Last year I was honored to interview five women who were on the road to recovery following months or even years of being caught up in human trafficking. Their stories were gut-wrenching but their resolve to create new lives for themselves was powerful.
Every interview situation has its own challenges–whether that’s persistent background noise or light flashes as the sun hits the windshield of a passing car. The ground rules here were unique due to what these women had endured:
- We recorded only audio–no video–to protect their identities.
- Some wanted the office door left open because far too often a closed door meant captivity.
- The audio engineer asked permission to wire the interviewees with microphones; some didn’t want him to be so close so a staff member stepped in to help.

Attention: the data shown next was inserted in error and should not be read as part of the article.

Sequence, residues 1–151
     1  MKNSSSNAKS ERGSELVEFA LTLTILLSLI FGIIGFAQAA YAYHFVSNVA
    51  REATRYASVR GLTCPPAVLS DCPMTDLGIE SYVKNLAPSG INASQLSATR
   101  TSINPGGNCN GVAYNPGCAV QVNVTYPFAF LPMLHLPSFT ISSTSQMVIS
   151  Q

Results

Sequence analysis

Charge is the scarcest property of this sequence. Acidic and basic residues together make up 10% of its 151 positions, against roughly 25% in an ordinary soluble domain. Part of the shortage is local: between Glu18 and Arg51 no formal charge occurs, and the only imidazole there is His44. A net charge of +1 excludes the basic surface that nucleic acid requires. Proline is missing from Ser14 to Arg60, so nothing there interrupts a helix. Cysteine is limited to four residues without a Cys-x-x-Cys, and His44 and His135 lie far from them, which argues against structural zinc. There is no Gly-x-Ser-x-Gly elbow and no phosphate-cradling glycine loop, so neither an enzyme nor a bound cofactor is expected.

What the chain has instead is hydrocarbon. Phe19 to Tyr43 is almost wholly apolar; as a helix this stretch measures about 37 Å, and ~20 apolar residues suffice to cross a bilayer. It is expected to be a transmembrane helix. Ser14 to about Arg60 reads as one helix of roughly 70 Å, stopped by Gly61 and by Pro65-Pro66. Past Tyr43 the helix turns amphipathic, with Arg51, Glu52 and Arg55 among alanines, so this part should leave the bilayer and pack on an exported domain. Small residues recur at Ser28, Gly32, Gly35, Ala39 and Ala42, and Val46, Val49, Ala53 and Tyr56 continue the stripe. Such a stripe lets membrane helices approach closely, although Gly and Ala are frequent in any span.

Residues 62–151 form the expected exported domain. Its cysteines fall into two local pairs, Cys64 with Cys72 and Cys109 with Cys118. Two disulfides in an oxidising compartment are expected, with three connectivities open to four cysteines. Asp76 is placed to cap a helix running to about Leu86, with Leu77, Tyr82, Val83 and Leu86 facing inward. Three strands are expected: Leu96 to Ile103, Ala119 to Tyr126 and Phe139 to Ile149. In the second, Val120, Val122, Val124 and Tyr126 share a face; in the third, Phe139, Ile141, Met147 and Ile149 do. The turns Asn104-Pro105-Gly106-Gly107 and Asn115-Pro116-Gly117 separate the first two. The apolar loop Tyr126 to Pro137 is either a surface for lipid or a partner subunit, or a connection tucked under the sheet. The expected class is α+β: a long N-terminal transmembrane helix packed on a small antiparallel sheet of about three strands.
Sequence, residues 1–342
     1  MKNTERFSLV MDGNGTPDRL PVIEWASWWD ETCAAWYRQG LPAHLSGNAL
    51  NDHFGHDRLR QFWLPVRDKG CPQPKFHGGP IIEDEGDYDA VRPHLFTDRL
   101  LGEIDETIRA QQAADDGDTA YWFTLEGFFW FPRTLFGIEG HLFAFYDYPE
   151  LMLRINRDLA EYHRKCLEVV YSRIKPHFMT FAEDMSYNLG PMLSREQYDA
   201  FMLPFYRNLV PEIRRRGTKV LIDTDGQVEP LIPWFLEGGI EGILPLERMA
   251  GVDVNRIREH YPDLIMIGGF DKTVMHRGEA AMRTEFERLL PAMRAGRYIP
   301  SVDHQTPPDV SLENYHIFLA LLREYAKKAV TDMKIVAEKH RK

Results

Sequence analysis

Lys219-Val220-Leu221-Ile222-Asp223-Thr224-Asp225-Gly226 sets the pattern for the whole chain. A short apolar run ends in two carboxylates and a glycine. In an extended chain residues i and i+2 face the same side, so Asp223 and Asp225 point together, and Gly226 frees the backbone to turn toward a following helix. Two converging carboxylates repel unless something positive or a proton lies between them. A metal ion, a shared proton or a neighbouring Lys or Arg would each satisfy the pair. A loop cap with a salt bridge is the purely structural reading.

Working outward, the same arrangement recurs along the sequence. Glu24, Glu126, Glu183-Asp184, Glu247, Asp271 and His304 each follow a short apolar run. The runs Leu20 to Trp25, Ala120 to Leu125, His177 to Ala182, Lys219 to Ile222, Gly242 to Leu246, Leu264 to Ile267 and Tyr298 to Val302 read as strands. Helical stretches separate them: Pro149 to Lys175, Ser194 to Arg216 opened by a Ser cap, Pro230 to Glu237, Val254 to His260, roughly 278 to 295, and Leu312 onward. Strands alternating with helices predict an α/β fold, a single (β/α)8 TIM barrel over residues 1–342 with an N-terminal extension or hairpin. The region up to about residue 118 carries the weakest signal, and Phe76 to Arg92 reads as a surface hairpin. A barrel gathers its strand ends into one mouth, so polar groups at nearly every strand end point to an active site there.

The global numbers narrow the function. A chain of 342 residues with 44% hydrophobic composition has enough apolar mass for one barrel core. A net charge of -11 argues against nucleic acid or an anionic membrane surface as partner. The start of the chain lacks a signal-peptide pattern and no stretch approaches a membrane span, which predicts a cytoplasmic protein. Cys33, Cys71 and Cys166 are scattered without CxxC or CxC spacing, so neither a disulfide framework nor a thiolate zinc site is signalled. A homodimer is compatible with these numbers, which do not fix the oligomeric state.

- One preferred that her counselor ask the questions rather than having to respond to a male stranger.
We knew hearing their own words had a greater impact than anything I could have scripted. The unscriptable comment that still haunts me: “They had such absolute control over me that I didn’t even know my favorite color.”
Rather than standard interview shots, we used abstracted yet compelling visuals. Graphics were fully integrated into video to reinforce the story and maintain movement, even when the images were somewhat static. Kudos to Bradford Van Demark and Brock Slagle at BlueSky Filmworks for shooting and editing this video that enthusiastically complimented by both staff and guests at their fundraising banquet.
I delayed posting about this project for a year because I wanted the women I interviewed to have more time to heal and to travel farther down the road to recovery. Here’s the video link:
If you have an upcoming project that requires a degree of compassion, I hope this video demonstrates my ability to work compassionately in sensitive situations.